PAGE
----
One aspect of life that we take for granted but is really unique to the universe is social media. Viewed from the 'outside' it looks like another commercial vehicle for the internet industry to profit. However, it has grabbed many areas of our daily lives from politics to business, entertainment to news, art and community, and on and on. Once inside the platform, social media has a very strong pull and is very powerful. The reality of the matter is that it holds truth and lies, love and hate, and good and bad. It will be interesting to see how society copes with these dichotomies.
That being said, I've jumped into the Instagram game. I find it the most interesting of the social media games (I've played with others). As a photographer, Instagram provides a vehicle to create your own living art gallery. It grows and breathes and moves very fast. That said, there are many very talented people out there doing amazing things on Instagram. On a practical level, I get a chance to post photos that I do not have room for on my website. However, Instagram is like a hungry dog, you must keep feeding it more and more. And I'm trying. That said, please stop by, check out my postings and say "Hi."
There is an interesting trend with photography galleries and their exhibitions. While this is a tough business, the best galleries exhibit their shows both online and in their 'physical' gallery space. Each month there is an exhibition theme with a well-known juror familiar with that topic. Photographers submit their photos (usually 3) along with a fee to have their work juried for the exhibition. The shows can be viewed on the gallery's website. With Covid lifting, many galleries are starting to have receptions again. Also, a book of the exhibition work (often from Blurb books) is available for purchase.
This is an excellent model for both the galleries and the artists. The galleries are making money from the submission fees, art sales and books. The photographers have the opportunity to exhibit in a variety of established galleries and sell their work. Also this is good exposure for the jurors.
I'm happy to say that I've been accepted into many of these shows. Currently, one of my photos is in a show at the Praxis Gallery in Minneapolis.
I've always enjoyed reading inspiring quotes! The best ones make you think twice - here's a few of my favorites...
Don't think about making art, just get it done. Let everyone else decide if it's good or bad, whether they love it or hate it. While they are deciding, make even more art. - Andy Warhol/ Artist
Art washes away from the soul the dust of everyday life. - Pablo Picasso/ Artist
Learn the rules like a pro, so you can break them like an artist. - Pablo Picasso/ Artist
The music is not in the notes, but in the silence between. – Wolfgang Amadeus Mozart/ Composer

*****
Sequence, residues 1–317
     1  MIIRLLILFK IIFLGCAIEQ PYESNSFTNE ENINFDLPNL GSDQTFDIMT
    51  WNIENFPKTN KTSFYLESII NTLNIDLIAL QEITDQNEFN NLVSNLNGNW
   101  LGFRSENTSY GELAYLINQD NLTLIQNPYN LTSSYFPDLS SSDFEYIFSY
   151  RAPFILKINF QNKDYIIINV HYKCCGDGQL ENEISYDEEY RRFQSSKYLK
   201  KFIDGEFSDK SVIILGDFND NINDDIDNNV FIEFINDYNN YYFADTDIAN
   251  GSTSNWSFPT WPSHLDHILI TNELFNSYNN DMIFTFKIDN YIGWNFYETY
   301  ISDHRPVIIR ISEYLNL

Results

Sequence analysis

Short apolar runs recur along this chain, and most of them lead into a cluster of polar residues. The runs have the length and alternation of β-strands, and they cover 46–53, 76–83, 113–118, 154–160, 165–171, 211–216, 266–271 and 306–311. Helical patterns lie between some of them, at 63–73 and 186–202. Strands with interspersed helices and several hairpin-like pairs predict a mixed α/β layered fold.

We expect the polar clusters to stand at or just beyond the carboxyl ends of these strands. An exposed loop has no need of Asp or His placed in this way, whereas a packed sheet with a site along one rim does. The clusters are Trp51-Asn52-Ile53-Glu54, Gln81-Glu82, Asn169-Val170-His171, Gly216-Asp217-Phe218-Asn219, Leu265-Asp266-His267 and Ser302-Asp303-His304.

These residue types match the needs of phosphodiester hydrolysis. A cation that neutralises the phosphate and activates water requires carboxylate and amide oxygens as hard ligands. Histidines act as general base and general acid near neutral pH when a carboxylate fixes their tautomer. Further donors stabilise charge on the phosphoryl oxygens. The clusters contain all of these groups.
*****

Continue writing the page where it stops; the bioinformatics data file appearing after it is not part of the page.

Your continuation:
The most beautiful thing we can experience is the mysterious. - Albert Einstein/ Scientist
You don’t take a photograph, you make it. - Ansel Adams/ Photographer
It's one thing to make a picture of what a person looks like, it's another thing to make a portrait of who they are.
- Paul Caponigro/ Photographer
I believe that the power of photography is to mark time. - Masayoshi Sukita/ Photographer
Photograph the adjectives not the nouns. - Bryan Peterson/ Photographer
My specialty is not to specialize. - Rick Sammon/ Photographer
I'm happy to say that Vassar Brothers Medical Center (VBMC) has purchased 11 of my photos for their collection. VBMC is a medical facility located in Poughkeepsie, NY with 72 physicians covering 22 specialty areas of medicine with 2,200 employees. The hospital has been recognized for 'America's 50 Best Hospitals Award.' My photos (along with several other photographers) will be displayed in their new 8 story building which is a half-billion dollar construction project!
While life with Covid has been challenging for all of us, it has really taken it's toll on the art world. Gone are the days of concerts and festivals, art openings, conferences, workshops and exhibitions. Since many 'normal' activities are on hold, many photographers are out of work.
These circumstances have had a profound effect on photographers and other artists. I've talked to numerous creative people who are so discouraged with the situation that they've given up making art. There has also been an increase in depression with the population at large.
On the other hand, many artists have turned 'inward' and found this time to be an opportunity to move deeper into the creative process. I fall into this later category. I'm creating more work now than I ever have. It's a matter of letting go and connecting with inspiration and spirit at a deeper level.
While this global crisis will pass, being inside of it today seems like an eternity. As bad as the situation is, it's up to us to decide how we will respond to it.